Short Stories

I Have No Mouth and I Must Scream - Harlan Ellison

For as long as I can remember, I’ve had a problem writing essays with an assigned word length. I like to say as much as I can with as few words as possible, because to me good writing is concise and to the point. When I’m required to artificially lengthen my work, the result is always weak and diluted.

I think that this paradigm can be applied to all media. For instance, the film Strange Days had some interesting ideas, but as a two hour long feature film they were lost in a sea of pointless action and terrible drawn-out dialogue. Done right, it could have made a great 20 minute short film. Consider the last 80 hour RPG you played: could it have been an even better 50 hour RPG by removing a tedious dungeon crawl or two?

It’s perhaps my inclination towards succinctness that makes me a fan of short stories. A novel based on an idea will usually explore every facet of this idea and all of its implications. While this works well for some concepts, there are certainly others that are perhaps too experimental and strange. These quirky ideas would likely fall apart or become lost in a novel, but they can easily become the central theme of a short story.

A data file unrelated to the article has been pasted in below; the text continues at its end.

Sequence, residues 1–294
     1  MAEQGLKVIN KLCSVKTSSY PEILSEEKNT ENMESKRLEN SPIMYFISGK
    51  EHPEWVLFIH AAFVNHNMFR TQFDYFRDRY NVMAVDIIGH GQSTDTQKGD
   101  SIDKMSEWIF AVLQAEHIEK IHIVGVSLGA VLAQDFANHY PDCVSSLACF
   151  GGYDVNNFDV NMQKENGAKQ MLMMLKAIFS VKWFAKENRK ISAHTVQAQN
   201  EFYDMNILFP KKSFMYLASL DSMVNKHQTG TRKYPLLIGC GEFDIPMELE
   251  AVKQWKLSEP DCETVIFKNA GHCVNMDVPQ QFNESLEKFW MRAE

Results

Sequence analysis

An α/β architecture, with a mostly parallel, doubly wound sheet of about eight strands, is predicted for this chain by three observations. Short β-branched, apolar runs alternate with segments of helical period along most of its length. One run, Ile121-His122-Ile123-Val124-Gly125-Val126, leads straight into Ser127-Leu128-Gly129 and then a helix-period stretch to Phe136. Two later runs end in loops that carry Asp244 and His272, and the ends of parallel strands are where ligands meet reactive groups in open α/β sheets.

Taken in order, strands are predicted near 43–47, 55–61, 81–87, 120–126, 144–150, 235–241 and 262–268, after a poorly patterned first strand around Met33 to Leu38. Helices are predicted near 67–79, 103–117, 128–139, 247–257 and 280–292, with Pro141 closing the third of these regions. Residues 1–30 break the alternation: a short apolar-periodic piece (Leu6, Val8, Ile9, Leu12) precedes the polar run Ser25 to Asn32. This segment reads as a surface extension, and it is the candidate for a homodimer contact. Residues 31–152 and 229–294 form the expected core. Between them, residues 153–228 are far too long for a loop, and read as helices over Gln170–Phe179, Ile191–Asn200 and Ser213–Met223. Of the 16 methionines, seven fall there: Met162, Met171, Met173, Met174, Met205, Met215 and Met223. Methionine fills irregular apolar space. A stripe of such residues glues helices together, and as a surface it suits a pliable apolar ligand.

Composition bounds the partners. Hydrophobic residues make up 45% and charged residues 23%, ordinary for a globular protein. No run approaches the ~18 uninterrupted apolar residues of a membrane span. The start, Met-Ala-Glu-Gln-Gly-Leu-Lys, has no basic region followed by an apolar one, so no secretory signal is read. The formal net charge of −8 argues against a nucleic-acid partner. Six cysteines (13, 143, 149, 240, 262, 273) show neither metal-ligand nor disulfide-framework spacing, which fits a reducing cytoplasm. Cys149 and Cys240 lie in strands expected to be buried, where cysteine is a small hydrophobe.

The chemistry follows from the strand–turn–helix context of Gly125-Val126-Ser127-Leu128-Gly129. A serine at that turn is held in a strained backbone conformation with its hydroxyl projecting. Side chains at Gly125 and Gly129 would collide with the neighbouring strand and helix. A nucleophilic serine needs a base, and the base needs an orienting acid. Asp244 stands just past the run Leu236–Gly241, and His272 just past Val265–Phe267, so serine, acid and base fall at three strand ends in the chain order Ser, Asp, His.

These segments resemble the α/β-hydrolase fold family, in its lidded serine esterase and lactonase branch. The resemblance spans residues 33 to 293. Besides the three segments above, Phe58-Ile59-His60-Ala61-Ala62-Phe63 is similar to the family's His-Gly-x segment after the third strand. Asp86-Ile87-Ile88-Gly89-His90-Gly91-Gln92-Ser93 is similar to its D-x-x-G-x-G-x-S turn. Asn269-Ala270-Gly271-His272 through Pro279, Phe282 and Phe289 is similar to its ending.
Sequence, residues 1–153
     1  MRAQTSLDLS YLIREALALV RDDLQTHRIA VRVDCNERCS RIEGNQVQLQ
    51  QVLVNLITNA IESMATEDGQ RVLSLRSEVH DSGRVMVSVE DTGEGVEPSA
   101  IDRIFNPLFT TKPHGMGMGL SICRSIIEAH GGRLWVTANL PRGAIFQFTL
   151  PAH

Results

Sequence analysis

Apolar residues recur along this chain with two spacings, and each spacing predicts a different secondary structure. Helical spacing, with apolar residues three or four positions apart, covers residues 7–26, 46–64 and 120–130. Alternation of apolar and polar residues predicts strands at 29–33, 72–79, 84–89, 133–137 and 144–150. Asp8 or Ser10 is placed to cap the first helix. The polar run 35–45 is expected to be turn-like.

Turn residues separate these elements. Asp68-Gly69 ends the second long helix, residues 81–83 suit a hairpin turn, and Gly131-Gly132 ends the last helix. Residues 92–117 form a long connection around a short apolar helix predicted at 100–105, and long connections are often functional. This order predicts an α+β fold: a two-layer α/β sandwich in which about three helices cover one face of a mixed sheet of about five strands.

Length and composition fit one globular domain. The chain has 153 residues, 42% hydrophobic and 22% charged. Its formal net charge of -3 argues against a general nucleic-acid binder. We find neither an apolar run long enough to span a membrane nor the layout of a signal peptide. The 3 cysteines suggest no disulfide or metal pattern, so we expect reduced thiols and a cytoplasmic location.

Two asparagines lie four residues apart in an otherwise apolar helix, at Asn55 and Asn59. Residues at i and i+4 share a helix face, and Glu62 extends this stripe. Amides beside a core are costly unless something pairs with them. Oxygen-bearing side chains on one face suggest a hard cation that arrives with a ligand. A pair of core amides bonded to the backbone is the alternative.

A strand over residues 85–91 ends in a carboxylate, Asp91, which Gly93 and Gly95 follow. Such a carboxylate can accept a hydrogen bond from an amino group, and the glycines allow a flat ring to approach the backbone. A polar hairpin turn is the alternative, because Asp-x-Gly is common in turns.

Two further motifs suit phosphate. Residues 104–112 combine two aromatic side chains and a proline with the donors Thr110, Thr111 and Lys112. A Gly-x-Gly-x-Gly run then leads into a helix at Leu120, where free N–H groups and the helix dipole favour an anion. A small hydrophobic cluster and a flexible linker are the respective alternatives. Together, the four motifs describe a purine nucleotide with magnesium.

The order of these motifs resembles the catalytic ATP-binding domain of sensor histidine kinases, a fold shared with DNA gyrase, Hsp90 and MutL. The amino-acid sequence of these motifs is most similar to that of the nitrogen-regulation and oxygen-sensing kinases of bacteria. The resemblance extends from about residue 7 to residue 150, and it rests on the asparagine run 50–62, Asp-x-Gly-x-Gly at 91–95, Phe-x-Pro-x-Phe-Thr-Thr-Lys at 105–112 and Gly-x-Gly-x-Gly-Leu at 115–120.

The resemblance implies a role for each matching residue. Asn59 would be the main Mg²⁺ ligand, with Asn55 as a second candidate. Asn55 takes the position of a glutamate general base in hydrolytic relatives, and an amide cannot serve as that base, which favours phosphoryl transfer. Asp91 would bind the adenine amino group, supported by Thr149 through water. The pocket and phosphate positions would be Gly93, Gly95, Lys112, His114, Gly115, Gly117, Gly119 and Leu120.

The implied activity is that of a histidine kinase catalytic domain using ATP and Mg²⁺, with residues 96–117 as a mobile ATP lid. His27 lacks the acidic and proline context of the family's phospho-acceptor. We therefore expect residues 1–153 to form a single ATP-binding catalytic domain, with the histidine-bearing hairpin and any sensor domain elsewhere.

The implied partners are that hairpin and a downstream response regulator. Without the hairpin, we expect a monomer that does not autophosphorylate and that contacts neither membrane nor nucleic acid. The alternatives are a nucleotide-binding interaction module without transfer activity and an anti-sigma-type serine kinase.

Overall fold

I’ve listed a few of my favorite short stories below. Where applicable, I’ve linked to sites I’ve found that host them; otherwise, a little Googling will usually do the trick.

  • Eight O’Clock in the Morning – Ray Nelson
    An alien race controls humanity through subliminal messages in television, advertisements and billboards.
  • A Sound of Thunder – Ray Bradbudy
    Published in 1952, it was one of the first short stories to deal with what would later be called The Butterfly Effect; the idea that one small change in the past could completely rewrite the present.
  • The Lottery – Shirley Jackson
    One of the most chilling short stories I’ve ever read, it deals with the evils that are permitted in the name of tradition and crowd mentality.
  • I Have No Mouth and I Must Scream – Harlan Ellison
    An insane omnipotent computer tortures the last five humans on Earth.
  • We Can Remember It For You Wholesale – Philip K. Dick
    The story that inspired the film Total Recall, it deals with the implications of memory replacement.
  • Little Lost Robot – Isaac Asimov
    This is my favorite short story from I, Robot. Dr. Susan Calvin must use logic to expose the one robot among an identical hundred that has had its programming altered and is now a threat to humans.
  • Harrison Bergeron – Kurt Vonnegut
    To finally achieve societal equality, the government forcefully handicaps those whose beauty, intelligence or athletic abilities give them an “unfair advantage” over everyone else.
  • How To Talk To Girls At Parties – Neil Gaiman [link]
    This story is a nominee for the 2007 Hugo Award. An awkward young man is dragged along to a party, but all is not as it seems.

I’m always on the lookout for more great short stories, so please comment with your favorites.


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